Here are the eight risks.
This week, around 30,000 children under the age of five will die from water-related diseases, one every 20 seconds. In fact unsafe water now kills more people than all forms of violence, including war, with diarrheal diseases claiming 1.8 million victims a year and causing more deaths in children under 15 than the combined impact of HIV/AIDS, malaria, and tuberculosis. Uleftae Mundeo from Manzo in Ethiopia told NGO WaterAid what that means. “Children often die here from the water. Often all of the money we earn from farming is spent on medicine.”
Uleftae uses a local pond, but often collecting water means walking a dozen or more kilometres a day carrying a heavy load, leading to chronic back pain and sometimes spinal deformities. China’s Global Times interviewed 12 year-old Mi Guie who spent her weekends helping her parents fetch water after a drought hit Yunnan Province in 2009-10. They walked for hours getting to and from the nearest river, climbing a 600 metre high cliff on the way there and back, for a few litres of muddy water each time.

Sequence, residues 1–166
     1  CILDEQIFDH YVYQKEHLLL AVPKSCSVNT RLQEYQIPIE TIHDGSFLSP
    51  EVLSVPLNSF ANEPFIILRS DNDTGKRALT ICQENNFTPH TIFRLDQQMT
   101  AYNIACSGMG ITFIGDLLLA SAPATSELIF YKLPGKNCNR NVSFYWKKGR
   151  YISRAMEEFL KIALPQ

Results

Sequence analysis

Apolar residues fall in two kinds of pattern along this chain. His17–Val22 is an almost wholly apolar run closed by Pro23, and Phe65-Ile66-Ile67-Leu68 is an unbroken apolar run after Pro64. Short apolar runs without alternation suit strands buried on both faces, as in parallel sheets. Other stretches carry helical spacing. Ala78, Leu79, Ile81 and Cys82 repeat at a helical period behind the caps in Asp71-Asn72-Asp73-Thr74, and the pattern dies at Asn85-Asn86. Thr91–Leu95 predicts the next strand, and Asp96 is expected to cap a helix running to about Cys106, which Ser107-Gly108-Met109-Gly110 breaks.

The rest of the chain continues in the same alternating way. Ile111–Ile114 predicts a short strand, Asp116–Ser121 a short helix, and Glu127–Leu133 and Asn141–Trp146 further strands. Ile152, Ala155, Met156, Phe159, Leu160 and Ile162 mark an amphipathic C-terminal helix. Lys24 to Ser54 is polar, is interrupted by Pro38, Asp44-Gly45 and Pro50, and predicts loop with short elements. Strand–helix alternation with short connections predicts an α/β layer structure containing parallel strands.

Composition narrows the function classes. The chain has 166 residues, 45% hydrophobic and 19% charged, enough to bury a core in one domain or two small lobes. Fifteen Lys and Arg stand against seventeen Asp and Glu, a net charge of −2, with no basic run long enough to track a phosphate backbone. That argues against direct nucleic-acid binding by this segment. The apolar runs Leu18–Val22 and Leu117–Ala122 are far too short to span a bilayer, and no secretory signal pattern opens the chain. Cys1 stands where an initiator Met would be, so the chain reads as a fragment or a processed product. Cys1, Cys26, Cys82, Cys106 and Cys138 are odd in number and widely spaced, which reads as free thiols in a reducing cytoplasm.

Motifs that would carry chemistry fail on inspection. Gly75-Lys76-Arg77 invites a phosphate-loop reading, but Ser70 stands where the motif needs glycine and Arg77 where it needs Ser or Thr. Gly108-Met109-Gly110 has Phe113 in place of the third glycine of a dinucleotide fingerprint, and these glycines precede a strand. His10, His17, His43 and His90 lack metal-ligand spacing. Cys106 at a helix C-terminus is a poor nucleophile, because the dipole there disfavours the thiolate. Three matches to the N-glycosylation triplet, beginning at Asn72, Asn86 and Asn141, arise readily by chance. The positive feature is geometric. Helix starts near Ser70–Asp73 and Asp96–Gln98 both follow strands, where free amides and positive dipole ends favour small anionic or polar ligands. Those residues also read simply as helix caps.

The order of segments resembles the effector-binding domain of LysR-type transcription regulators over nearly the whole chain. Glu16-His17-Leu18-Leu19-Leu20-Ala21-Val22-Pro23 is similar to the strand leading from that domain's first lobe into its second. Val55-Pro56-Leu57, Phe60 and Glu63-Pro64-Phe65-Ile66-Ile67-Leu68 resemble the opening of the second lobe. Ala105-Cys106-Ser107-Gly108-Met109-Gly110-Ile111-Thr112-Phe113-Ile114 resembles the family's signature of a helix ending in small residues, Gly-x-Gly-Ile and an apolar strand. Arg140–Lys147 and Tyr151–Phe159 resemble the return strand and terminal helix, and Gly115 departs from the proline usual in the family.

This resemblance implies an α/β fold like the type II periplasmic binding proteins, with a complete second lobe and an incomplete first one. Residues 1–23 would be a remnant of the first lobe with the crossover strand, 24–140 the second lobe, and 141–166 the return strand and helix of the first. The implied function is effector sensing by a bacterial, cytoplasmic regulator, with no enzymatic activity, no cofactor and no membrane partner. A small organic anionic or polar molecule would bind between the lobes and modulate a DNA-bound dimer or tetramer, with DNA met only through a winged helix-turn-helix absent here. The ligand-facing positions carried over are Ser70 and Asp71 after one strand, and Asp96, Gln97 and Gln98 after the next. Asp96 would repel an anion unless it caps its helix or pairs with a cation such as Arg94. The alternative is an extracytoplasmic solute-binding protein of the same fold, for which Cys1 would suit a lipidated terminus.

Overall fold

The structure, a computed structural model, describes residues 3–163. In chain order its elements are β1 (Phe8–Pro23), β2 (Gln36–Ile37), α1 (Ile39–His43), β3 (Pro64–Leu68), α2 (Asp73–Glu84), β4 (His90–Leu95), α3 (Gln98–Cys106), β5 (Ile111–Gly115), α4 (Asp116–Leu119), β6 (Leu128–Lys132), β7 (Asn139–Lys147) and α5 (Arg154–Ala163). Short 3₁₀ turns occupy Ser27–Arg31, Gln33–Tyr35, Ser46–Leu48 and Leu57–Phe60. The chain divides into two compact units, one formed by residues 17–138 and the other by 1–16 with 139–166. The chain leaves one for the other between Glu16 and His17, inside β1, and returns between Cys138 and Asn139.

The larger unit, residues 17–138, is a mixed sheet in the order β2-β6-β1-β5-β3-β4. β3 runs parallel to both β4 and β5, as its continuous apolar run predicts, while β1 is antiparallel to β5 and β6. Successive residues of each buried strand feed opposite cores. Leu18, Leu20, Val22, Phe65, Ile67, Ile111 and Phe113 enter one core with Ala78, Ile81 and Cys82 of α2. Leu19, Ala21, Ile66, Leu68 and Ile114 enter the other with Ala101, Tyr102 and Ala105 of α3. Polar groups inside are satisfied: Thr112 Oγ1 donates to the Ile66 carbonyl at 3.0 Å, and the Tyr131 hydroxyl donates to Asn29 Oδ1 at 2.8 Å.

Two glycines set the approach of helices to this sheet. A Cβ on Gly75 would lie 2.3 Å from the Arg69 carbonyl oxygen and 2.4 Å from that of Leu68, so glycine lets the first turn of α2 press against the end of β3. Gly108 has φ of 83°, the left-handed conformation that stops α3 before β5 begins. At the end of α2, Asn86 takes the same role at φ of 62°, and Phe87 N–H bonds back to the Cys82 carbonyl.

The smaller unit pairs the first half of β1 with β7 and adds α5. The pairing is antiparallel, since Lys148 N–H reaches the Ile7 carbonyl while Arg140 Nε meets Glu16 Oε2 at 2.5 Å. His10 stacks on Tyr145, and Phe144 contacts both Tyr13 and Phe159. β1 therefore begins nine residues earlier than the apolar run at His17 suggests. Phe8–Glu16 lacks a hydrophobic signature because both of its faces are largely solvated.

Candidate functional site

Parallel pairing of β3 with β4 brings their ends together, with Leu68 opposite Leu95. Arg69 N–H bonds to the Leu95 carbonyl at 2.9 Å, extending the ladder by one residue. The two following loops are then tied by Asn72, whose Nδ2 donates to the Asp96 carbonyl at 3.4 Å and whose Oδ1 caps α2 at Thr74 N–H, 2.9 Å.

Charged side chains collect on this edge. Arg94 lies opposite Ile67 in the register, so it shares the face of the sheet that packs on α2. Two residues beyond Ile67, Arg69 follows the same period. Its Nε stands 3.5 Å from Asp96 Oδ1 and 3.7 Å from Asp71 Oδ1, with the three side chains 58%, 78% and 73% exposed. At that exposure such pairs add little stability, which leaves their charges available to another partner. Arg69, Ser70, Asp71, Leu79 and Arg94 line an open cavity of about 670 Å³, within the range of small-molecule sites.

In areas where supply is worst, women and girls (always them) get up in the middle of the night and queue for hours for their turn then a couple of hours more as water trickles into buckets. In urban areas, the problems are different but no less serious. Infrastructure hasn’t expanded as much as population, leaving millions of citizens with no access to piped water and modern sanitation, or forced to live near open sewers carrying household and industrial waste. One of these sewers caught fire in a shantytown in Nairobi in September 2011 after petrol spilled into it, burning to death over 100 people.